Educated buyer finding value in commissioning.
The relationship between commissioning and sustainable design gained prominence and integrity with the inclusion of commissioning in the USGBC's Leadership in Energy and Environmental Design (LEED) Rating System, a voluntary, consensus-based national standard for developing sustainable buildings. New construction projects seeking LEED-NC certification are required to undergo "fundamental commissioning of the building energy systems," and can obtain an additional point for the performance of "enhanced commissioning."
Commissioning, according to the American Society of Heating, Refrigerating and Air-Conditioning Engineers (ASHRAE), is the process of verification, by documented inspection and testing, that building systems are installed and perform in accordance with approved design criteria, applicable industry standards and local codes. In short, commissioning helps ensure that you are actually getting what you pay for and that it's working exactly as it was designed.
Commissioning starts when the commissioning provider reviews the design of the systems that were included in the scope of work. The Design Intent or Owner's Project Requirements (OPR) and Basis of Design documents help the commissioning authority to properly review a set of plans and understand what is being built and why and how the space is going to be utilized. The commissioning authority then reviews the design documents to make sure the owner's project requirements have been executed. The production of these documents is typically overlooked but they are required documentation if the facility is seeking LEED certification.
During construction a majority of the activities occur in the field. As systems are being installed the commissioning provider should inspect items to ensure the proper equipment is located in the correct location.
As equipment is connected to the building systems another level of inspections occurs that is called pre-functional testing. These inspections ensure all the equipment is connected, wired and piped correctly and in accordance to manufacturers' requirements. The goal at this stage is to try to flush issues out so the contractors can repair them as they are mobilized on site rather than after they're on the next job.
The final stage of commissioning is the functional performance testing. This is where the rubber meets the road and the systems are tested to meet performance requirements as well as interactions between other systems in all modes of operation. Functional testing begins with individual pieces of equipment and expands out to systems. This is an integral part of the commissioning process as this proves that what was designed and installed is actually performing correctly.
In addition to testing the building systems, it's important to know that typically the commissioning provider administers and coordinates both the operation and maintenance manuals and the training protocol.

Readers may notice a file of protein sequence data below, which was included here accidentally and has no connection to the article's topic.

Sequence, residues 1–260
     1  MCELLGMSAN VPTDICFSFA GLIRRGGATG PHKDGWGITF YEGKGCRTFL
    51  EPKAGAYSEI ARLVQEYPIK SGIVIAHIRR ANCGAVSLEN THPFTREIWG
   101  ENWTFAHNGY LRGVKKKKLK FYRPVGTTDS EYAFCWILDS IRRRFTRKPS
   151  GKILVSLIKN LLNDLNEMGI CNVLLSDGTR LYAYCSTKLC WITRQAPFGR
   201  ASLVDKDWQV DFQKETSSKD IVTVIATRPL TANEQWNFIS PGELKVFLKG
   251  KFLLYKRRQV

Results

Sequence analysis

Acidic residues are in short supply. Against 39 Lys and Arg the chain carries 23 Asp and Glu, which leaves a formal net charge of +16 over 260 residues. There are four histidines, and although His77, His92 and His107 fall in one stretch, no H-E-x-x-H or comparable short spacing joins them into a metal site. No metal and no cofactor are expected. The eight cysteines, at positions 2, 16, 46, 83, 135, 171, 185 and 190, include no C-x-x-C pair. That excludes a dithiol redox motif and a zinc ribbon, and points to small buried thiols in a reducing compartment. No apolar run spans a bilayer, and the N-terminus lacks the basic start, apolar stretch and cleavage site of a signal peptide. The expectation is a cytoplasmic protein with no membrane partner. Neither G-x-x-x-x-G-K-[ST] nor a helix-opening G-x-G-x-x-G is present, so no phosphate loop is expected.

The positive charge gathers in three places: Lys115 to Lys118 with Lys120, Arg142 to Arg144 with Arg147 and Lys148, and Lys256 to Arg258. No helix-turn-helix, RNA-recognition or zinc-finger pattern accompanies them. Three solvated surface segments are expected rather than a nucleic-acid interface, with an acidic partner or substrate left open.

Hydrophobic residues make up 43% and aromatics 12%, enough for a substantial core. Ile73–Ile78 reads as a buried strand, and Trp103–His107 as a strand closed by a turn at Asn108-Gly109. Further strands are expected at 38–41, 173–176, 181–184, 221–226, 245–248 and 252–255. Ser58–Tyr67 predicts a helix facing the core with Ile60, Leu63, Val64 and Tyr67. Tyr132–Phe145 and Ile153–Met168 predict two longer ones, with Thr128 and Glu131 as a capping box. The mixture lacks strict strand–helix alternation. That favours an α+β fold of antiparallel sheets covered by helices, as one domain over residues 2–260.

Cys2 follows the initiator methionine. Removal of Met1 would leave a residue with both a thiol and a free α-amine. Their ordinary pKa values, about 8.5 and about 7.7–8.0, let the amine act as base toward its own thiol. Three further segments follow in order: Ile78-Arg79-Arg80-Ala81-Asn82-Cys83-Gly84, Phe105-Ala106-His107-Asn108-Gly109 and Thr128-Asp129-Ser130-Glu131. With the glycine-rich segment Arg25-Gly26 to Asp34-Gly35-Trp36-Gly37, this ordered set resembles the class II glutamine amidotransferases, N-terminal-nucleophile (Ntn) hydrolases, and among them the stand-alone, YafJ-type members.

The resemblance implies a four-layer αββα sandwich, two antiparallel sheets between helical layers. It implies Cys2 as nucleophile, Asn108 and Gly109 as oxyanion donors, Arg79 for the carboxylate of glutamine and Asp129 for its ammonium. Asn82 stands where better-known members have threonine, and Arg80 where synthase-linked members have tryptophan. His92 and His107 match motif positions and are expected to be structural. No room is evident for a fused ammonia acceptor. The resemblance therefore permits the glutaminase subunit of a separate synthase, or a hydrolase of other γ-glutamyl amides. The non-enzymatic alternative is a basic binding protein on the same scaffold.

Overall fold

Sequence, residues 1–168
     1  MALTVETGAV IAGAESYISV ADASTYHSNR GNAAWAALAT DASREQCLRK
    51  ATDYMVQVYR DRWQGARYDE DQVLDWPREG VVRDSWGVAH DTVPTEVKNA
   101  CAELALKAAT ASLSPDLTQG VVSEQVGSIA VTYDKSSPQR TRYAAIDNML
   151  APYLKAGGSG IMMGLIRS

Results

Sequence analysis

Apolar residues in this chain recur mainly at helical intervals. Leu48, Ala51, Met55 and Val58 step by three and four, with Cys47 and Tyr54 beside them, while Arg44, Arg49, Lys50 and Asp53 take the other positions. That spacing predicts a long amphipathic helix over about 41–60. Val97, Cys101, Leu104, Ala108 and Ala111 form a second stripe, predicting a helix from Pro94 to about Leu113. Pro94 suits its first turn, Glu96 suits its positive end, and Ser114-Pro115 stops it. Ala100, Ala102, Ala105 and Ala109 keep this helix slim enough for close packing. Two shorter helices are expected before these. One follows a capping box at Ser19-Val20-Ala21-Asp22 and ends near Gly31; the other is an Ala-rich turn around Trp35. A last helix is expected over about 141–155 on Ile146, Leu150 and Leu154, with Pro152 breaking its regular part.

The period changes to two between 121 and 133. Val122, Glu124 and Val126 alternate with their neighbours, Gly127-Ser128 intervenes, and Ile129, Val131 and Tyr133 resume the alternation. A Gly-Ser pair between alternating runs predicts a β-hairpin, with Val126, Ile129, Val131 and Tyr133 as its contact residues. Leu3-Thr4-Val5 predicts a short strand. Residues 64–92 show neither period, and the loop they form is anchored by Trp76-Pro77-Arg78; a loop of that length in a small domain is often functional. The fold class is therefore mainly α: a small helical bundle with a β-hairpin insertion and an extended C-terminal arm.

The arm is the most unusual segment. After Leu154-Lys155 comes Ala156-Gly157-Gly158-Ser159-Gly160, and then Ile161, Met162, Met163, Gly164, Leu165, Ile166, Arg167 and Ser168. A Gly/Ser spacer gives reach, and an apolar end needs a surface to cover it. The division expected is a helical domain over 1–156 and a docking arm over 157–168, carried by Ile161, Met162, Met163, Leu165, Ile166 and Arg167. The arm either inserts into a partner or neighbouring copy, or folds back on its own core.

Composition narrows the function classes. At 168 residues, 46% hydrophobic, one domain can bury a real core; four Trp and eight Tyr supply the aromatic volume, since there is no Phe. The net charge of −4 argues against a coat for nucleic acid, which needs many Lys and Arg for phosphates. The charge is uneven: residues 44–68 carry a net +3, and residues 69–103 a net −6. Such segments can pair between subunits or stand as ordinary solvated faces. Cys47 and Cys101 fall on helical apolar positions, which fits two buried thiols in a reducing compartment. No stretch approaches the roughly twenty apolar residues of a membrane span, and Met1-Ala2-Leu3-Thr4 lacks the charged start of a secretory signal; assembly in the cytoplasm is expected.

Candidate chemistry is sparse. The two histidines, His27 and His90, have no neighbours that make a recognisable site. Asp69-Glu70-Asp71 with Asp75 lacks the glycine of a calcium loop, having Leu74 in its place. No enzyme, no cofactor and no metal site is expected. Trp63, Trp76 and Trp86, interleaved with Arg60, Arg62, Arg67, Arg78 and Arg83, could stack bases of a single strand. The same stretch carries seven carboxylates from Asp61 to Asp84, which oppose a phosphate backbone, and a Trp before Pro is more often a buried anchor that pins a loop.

The benefits of commissioning are well documented as far as energy savings.
Organizations such as the NYS Energy Research & Development Authority (NYSERDA), USGBC and Portland Energy & Conservation, Inc. (PECI) have calculated anywhere between 15%-30% energy reduction for buildings that are commissioned to buildings that are not.
The owner operator community also realizes the operation and maintenance benefits, where the maintenance cost are reduced by 15%-35% as well. The developer community is recognizing the benefits of commissioning, specifically the non-energy related impacts such as improved operating systems, 30% reduction in change orders of systems to be commissioned, elimination of holdover and damages and on-time rent commencement.
Commissioning has evolved over the years, once considered the "startup guy" it is now regarded as an integral part of the design and construction team. The transformation has been made for a number of reasons. First and foremost, the systems in today's buildings are far more complex and intricate. The building that once took 18 months to build 10 years ago no longer takes that as more systems are interconnected and more coordination needs to be accomplished. The truth of the matter is that same building should take 24 months to build due to all the coordination, but the owner and developer have not sacrificed that time schedule as financial considerations are made to commence rent or begin treatments at a medical facility.
Commissioning has many benefits to owners and developers and when procuring the service there are many things to take into consideration.
The more educated the purchaser the more value the commissioning process can bring to your project.
BY MICHAEL C. ENGLISH, PE, CCP, LEED, SENIOR PARTNER HORIZON ENGINEERING ASSOCIATES, LLP
* Michael C. English is president of the Building Commissioning Association.
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|Title Annotation:||SPECIAL REPORT: Sustainable Design|
|Author:||English, Michael C.|
|Publication:||Real Estate Weekly|
|Date:||Dec 6, 2006|
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